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13 Reasons Why: Welcome To Your Tape

Skyler Genelly and Karina King

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Netflix Original’s latest rapidly rising hit “13 Reasons Why” reveals the traumatic experiences and betrayals which ultimately result in main character, Hannah Baker, ending her own life in a drastic manner. The roller coaster-like ups and downs of the thirteen episodes (each specifying a reason or character that has wronged Hannah and contributed to her demise) are filled to the brim with drama and emotions. The tear-jerking series has been applauded for its raw, real feel, as well as for addressing issues that are prevalent, but often ignored, in society today. Adapted from the young adult novel by Jay Asher, the show is a close depiction to the book besides a few subtle differences which actually add to both character development and audience connectivity.

In the novel, protagonist Clay Jensen binge-listens to all of the cassette tapes in a single night, whereas the show carries out his graphic struggle over a long period of weeks — Clay experiences lucid hallucinations regarding Hannah’s death during this time. This leads to somewhat of a rough start in terms of the pace of the show, but rest assured, after the third episode viewers will definitely be hooked. There are other small variations that have more to do with an update in setting and added background context to certain characters (Tyler has no violent intentions, Alex doesn’t attempt suicide, etc.). Aside from these contrasts, the most crucial to the storyline would have to be the fashion in which Hannah commits suicide — in the novel, she overdoses on a handful of pills, whereas the show depicts a bloody scene in which a distraught Hannah slits her wrists and bleeds to death in her bathtub.

The show itself is a dark progression — each tape heightens in severity as the actions of the characters become more cynical and deep secrets are revealed. Repeated rape and car crashes are only two of the traumatizing scenes depicted by the series. The authentic quality of the footage, partnered with obscene language, and relatable characters provides a factual image of high school today.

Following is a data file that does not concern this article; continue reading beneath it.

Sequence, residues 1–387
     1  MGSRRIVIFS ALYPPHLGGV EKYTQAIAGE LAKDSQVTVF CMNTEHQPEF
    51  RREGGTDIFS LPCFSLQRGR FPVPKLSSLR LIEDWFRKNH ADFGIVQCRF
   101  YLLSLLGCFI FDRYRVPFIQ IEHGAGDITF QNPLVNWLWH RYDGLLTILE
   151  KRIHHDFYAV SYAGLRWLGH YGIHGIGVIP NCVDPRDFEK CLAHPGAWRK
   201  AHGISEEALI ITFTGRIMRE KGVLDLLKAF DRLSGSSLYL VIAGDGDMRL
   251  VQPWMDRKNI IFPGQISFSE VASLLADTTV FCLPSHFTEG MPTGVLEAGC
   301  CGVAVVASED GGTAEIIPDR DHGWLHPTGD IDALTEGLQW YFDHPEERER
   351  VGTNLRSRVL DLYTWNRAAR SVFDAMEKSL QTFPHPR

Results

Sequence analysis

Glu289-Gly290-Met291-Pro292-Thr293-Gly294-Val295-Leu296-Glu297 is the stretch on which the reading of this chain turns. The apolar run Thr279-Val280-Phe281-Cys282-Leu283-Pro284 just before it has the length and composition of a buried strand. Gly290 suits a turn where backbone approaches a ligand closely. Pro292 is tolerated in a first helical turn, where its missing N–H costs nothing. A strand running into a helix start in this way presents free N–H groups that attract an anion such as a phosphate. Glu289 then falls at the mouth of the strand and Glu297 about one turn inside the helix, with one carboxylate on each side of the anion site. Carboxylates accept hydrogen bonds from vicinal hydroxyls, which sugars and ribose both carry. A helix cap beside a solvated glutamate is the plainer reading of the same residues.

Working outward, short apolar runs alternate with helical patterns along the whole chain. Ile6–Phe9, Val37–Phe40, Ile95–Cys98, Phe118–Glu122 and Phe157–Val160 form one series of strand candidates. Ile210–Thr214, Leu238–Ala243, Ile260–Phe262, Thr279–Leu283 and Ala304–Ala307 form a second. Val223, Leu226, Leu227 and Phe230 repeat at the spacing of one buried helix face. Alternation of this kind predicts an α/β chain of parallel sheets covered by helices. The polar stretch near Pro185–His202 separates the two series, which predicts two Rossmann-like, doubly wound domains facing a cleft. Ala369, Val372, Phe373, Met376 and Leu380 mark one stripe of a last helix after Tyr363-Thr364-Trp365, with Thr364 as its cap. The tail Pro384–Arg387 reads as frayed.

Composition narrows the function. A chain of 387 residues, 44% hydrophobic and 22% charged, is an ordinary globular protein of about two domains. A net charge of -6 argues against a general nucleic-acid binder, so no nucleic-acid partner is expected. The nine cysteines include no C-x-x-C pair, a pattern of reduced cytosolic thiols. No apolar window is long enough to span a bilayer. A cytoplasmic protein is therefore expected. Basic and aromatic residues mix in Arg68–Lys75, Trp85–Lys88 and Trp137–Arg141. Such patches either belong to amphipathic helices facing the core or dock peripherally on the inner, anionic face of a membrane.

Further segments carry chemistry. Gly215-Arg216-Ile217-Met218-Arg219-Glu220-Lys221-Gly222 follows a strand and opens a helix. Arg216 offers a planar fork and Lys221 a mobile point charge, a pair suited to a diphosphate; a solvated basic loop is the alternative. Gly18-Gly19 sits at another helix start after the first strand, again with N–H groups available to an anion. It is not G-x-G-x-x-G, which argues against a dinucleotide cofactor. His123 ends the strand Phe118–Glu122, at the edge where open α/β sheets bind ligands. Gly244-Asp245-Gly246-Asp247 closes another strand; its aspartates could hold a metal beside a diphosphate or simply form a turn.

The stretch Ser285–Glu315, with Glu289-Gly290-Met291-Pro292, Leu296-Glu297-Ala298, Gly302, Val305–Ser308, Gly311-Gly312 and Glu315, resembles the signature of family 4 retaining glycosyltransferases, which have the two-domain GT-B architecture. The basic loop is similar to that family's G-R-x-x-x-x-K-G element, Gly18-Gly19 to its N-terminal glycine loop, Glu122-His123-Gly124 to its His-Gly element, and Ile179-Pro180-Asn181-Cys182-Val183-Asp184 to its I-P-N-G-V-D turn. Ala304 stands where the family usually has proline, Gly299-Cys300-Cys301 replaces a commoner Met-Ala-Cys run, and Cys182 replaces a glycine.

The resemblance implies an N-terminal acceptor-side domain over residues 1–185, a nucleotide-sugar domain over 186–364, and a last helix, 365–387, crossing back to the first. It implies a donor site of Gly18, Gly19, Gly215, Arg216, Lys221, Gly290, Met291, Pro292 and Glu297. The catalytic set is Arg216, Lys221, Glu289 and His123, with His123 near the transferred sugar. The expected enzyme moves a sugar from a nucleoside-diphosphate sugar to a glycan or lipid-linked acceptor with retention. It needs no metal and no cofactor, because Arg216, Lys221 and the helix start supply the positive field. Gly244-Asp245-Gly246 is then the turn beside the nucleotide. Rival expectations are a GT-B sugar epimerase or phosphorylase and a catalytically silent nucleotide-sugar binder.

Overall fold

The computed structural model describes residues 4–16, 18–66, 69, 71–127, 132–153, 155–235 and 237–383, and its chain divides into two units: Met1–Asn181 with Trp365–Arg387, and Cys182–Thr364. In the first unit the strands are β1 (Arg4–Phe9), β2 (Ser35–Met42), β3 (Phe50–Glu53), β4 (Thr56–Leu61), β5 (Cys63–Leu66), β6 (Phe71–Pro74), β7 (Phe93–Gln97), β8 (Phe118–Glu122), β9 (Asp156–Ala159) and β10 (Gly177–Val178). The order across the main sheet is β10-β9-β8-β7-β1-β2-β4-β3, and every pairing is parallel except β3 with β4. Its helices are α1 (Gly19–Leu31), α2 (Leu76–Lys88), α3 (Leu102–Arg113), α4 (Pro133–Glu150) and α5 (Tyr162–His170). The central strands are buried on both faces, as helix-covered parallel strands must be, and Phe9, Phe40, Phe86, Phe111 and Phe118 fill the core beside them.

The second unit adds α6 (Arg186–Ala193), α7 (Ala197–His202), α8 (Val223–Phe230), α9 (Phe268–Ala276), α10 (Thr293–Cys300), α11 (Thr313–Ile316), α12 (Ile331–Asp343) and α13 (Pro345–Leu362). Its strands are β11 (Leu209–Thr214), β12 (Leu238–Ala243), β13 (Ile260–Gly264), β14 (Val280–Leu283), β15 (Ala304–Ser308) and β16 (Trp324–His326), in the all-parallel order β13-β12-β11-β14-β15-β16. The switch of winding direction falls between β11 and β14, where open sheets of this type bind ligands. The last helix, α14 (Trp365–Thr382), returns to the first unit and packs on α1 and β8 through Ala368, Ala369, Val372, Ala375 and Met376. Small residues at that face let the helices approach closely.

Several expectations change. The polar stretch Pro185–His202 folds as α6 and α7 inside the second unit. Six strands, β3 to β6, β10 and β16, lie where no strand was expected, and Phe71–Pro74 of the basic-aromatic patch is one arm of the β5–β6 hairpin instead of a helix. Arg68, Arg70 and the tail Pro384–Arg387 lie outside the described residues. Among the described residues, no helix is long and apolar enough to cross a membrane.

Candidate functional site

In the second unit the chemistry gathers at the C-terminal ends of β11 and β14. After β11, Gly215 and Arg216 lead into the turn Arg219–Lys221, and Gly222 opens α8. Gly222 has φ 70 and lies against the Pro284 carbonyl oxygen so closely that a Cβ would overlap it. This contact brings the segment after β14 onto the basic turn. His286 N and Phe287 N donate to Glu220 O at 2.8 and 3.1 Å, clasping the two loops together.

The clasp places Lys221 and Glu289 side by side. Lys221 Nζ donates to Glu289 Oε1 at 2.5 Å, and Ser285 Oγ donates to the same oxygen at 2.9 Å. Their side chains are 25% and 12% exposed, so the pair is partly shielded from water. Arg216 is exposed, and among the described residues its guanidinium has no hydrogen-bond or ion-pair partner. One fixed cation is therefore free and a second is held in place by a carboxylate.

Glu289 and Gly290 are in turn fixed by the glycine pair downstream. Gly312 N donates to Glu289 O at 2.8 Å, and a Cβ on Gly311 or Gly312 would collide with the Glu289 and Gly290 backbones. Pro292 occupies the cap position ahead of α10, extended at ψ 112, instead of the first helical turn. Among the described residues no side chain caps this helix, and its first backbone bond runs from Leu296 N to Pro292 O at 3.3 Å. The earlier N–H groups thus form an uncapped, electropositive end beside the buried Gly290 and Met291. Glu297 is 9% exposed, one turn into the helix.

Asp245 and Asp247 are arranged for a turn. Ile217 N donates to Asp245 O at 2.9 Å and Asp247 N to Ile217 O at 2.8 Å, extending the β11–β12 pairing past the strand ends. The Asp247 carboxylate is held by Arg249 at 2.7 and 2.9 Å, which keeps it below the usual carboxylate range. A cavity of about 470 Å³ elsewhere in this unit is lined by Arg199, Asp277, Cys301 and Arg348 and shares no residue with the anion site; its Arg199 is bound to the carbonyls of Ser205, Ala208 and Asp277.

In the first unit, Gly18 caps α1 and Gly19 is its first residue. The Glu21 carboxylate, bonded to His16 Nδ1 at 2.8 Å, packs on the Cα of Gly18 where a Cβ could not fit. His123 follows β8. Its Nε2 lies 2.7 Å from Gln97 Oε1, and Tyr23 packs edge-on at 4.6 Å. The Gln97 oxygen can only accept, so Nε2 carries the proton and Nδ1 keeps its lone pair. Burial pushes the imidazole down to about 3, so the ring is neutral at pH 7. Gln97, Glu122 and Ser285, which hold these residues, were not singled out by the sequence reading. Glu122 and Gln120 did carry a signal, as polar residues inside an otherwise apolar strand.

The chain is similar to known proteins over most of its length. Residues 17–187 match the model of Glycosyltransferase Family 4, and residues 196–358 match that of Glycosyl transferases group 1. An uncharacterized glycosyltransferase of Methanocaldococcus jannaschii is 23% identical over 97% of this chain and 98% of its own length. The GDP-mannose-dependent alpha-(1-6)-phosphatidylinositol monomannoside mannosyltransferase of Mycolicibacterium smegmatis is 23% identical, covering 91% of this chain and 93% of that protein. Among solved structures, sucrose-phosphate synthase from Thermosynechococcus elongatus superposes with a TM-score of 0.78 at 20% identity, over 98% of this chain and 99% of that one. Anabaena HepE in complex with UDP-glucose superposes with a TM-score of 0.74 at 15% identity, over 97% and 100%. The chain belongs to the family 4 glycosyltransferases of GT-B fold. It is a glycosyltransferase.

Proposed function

For Bay Area viewers, many of the places used for filming are familiar. Analy High School transformed into the hectic Liberty High School. Vallejo’s 410 Virginia Street became the sentimental Monet’s Cafe, 333 Georgia Street the movie theater, and 431 Georgie Street the Baker’s Drugstore. Petaluma’s bridge was highlighted in a transition scene, and Friedman’s hardware store was Walplex. All of these details certainly provide a close-to-home feel and recognizing them while watching can act as a light-hearted break from the otherwise intense spectacles.  

While the series is an addicting exhilaration, it has somewhat of a mixed critical response in terms of romanticizing suicide. The goal of the show, as told by its producers, is to show both Hannah’s struggle and the resounding permanence of suicide — Hannah may not have been able to reach a resolution, but you can. The National Youth Mental Health Foundation headspace in Australia has released a warning to teen viewers, as they are the most vulnerable to this sort of distressful content. Teen suicide, and suicide in general, has concrete effects on their communities.

“Thirteen Reasons Why” is a wake-up call for people to take initiative in helping susceptible people and for getting help themselves. If you or anyone you know is in danger of harming themselves or others, call the 24-hour National Suicide Prevention Lifeline at 1-800-273-8255.

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The student news site of Casa Grande High School
13 Reasons Why: Welcome To Your Tape